“We have had just a tradition of being a state where the senators who represent us are not extremists, but are ones who are looked to by the entire nation to bring us together,” he said.

Donnelly said he hopes to work with a group of senators that will include Republicans, as well as Joe Manchin, D-W. Va., Heidi Heitkamp, D-N.D., and others.

“There has been a group in the past, but you saw in this last election a number of additional moderate senators” elected, he said. “It has even expanded, and I believe it will not only influence legislation that will be brought by the caucuses, but also bring legislation of their own.”

He pointed to Manchin’s “CALM Act” proposal to gradually step down from the fiscal cliff as one such proposal.

The next major battle in Congress will be over finances, with the nation reaching its $16.4 trillion borrowing limit and needing its debt ceiling raised, while the current federal spending plan is set to expire and Republicans are pushing to overhaul entitlement programs while the White House seeks extra tax revenue.

“I think that playing with the debt ceiling is a very, very, very dangerous thing. It’s dangerous to our credit rating, it’s dangerous to our world economy,” and could hurt job growth, Donnelly said Thursday.

At the end of his third term in the U.S. House on Tuesday, Donnelly voted for the deal to stave off most tax increases and push back deep spending cuts for two months. “What I voted for the other day was tax cuts on 98 percent of Americans,” he said.

Donnelly enters Senate as Lugar departs

Though he starts his new job Thursday, U.S. Sen.-elect Joe Donnelly has weeks of work ahead of him as he prepares to move into new Washington digs, hire a much larger staff and open offices across Indiana.

Donnelly, a Democrat, will be sworn in at noon Thursday, along with other new members of the House and Senate.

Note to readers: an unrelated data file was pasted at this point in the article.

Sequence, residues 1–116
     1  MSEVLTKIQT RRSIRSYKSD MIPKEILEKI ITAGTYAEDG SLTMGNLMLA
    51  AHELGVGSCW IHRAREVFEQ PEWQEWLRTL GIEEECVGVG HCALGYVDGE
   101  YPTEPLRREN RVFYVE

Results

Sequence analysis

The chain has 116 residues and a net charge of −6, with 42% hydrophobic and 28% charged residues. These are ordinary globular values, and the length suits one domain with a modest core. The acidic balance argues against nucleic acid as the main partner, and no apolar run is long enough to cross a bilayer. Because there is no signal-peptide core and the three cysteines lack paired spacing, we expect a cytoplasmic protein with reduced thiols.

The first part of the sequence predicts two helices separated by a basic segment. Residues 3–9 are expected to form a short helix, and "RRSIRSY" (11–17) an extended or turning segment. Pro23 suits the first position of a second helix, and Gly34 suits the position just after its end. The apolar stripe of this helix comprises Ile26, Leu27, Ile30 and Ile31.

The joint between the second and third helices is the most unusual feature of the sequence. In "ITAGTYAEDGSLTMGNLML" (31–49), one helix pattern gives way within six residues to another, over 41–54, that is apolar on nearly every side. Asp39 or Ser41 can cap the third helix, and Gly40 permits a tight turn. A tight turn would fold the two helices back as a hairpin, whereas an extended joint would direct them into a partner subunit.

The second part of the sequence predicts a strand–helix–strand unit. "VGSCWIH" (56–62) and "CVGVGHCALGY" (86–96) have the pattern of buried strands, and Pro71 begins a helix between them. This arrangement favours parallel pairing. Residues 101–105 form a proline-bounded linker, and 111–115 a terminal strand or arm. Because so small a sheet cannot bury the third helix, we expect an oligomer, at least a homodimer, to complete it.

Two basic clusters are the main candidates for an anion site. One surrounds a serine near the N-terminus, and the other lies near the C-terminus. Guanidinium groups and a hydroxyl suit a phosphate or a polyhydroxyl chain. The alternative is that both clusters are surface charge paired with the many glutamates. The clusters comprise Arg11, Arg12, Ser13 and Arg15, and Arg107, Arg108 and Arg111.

It’ll be his first day, and U.S. Sen. Richard Lugar’s last.

After 13,067 votes cast over six terms, Lugar – whose re-election bid was spoiled by state Treasurer Richard Mourdock in the Republican primary – is leaving as his party’s longest-tenured senator.

Lugar’s offices in Washington and Indiana have been packed up, cleaned out and closed down, with most of the materials in them shipped to Indiana University’s archives.

Donnelly, meanwhile, is currently juggling several offices of his own.

As an outgoing House member, he’s been moved out of his old congressional office and given a much smaller place to set up temporary shop. On the other side of Capitol Hill, he has a small office with other incoming senators. And starting Thursday, he’ll be moved into a larger – but still temporary – office in the Senate’s Russell Building.

Eventually, Donnelly will get his own Senate office in Washington. But it could take a while. Those offices are divided up based on seniority, and each senator gets one business day to determine whether they’d like to move into a new spot. That leaves freshmen like Donnelly waiting weeks to choose last.

So far, he has set up one in-state office – a spot in an Indianapolis high-rise, where Republican U.S. Sen. Dan Coats also has one. He intends to open more regional offices in the near future.

Meanwhile, Donnelly is also adding staff. As a House member, his staff never topped 20 members. Now, he’ll need more than that to handle policy, media inquiries, constituent services, regional offices and more.